No one on the team speaks Ukrainian. There is one Russian speaker. The students know the contact information of the support persons. 

As a community, the students have been welcomed, Kumpula says. The students have given feedback on how they’ve been taken into consideration well and they’ve enjoyed themselves. In building support, the university has done its best to consider varying needs. 

“We haven’t built a large machinery, because there aren’t many of them.” 

The City of Tampere formed a Ukrainian-language crisis support office. It was an important channel for the students already in Finland to navigate their feelings once the war began. 

All EU countries have vowed to grant temporary protection for a year for everyone coming from Ukraine. The protection is now automatically extended for another year. 

At the cat café, the exchange students are especially thankful for tutoring, comfortable student housing, and the friendliness of the other students at Tampere University. 

But Shahova is clearly disappointed in the University for not offering space to hold an exhibition in support of Ukraine. 

“It’s complicated to say that we feel totally welcome.” 

Anna-Maria Maunu, the Communications Director at Tampere University, says that the reasons behind declining the exhibition were practical. The request for an exhibition space came late, and the planned dates would have been during break week. The organisers found a space for the exhibition at Tullintori. 

Shahova messages me a couple of weeks after the interview. The university has agreed to help organise the exhibition. It will be held on the City Centre Campus, Päätalo buiding near Alakuppila -cafeteria from the 13th of March to the 4th of April.

Shahova and Steshenko have been participating in organising a project called Unissued Diplomas. As part of the project, there’s an exhibition featuring 36 diplomas of students whose studies were interrupted by the outbreak of the aggressive war. 

They never completed their degree because they died in the war. 

Some of them studied at the same university as Shahova, Mykhailenko, and Steshenko. The students who died were all younger than them, around 19–21 years old. Some were in the armed forces, some were volunteers, some civilians.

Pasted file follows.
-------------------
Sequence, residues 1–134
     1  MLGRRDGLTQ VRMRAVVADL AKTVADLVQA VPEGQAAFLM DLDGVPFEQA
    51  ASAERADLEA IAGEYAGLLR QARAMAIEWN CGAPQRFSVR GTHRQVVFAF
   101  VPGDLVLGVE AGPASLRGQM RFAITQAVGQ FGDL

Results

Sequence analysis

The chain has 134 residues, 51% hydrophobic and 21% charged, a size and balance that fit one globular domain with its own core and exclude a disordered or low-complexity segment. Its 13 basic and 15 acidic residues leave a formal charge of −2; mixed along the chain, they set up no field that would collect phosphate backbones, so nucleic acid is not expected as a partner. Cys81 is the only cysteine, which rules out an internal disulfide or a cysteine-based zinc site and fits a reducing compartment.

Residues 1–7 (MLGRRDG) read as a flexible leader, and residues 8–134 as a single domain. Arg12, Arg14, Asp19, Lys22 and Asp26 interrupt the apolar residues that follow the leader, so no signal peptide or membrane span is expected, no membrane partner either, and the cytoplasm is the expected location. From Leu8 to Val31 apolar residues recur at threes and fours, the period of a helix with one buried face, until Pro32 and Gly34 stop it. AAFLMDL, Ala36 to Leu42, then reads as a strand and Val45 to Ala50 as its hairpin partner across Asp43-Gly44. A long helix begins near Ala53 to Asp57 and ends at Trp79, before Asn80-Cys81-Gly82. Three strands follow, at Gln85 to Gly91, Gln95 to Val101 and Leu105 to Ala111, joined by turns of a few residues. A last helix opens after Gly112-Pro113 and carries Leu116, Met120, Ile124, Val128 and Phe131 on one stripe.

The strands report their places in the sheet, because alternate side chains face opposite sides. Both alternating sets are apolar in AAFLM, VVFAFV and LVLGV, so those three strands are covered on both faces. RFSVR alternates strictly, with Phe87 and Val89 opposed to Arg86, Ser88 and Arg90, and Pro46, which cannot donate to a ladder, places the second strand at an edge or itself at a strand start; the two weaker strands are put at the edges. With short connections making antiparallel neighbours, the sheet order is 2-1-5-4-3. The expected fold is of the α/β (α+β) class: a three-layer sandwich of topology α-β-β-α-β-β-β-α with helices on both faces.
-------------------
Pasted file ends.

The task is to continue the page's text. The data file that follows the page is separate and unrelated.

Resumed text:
The exhibition features their photos, diplomas, and a brief summary of their life stories.  

The proceeds from donations at the exhibit will go through KMA’s organisation to students and their families, who are living through the effects of the war. 

The project’s objective is to raise awareness. 

“The goal is to show how it feels for us. When I’ve told Finns that I’m from Ukraine, they’ve maybe gotten embarrassed when they don’t know what to say”, Steshenko says. 

Shahova says that the weirdest part is realising some people don’t think about the war. It hurts. 

“The project is for the students who have already died. People close to me have died.” 

We have a small break; I fetch some napkins. The cats are napping. 

PEOPLE call cats with a similar sound in both Finnish and Ukrainian: kis kis. Shahova notes that sometimes, as she’s walking home late at night through Hervanta, old men also call her in the same way. Kis kis. 

It doesn’t necessarily make her feel unsafe, since the old men roaming around Duo mall look weaker than her. But it is uncomfortable. 

“It probably happens in every country.” 

Their reaction to scary things has probably changed after the war began. When the trio was on a trip to Copenhagen, the fire alarm went off in the hostel. 

“We didn’t hear it because we’re so used to alarms. What could happen to us here, a bombing?”, Mykhailenko laughs. Maybe there could be a bomb, but that’s doubtful.  

The authorities ushered everyone out. Some ran outside in a panic and half-naked, the Ukrainians did not. They calmly packed their essentials and went outside. 

They know what to do in case of a warning. Mykhailenko lists off the instructions from memory. 

“Stay calm. Pack your important documents, laptop, and money in your bag and go outside. We’ve repeated it so many times. There might be three or four air-raid warnings a day in Kyiv.” 

All three have an app on their phone that inform them of air-raid warnings in Ukraine. The app shows a long list of beginning and end times for past warnings. 

On the day of the interview, there have been two air-raid warnings in Kyiv. It’s two o’clock in the afternoon. 

Shahova forgot to delete the app when she came to Finland. The app’s alert sound is very loud. 

“I was on the train when air-raid warnings began in Lviv. My phone began to howl, and the other passengers looked at me wondering what the heck was going on.” 

Nowadays you can change the volume of the alert, Steshenko points out. When she was in Ukraine, she was mainly following the app’s alerts. After living so close to the warning tower, Steshenko doesn’t really even hear the air-raid alerts anymore.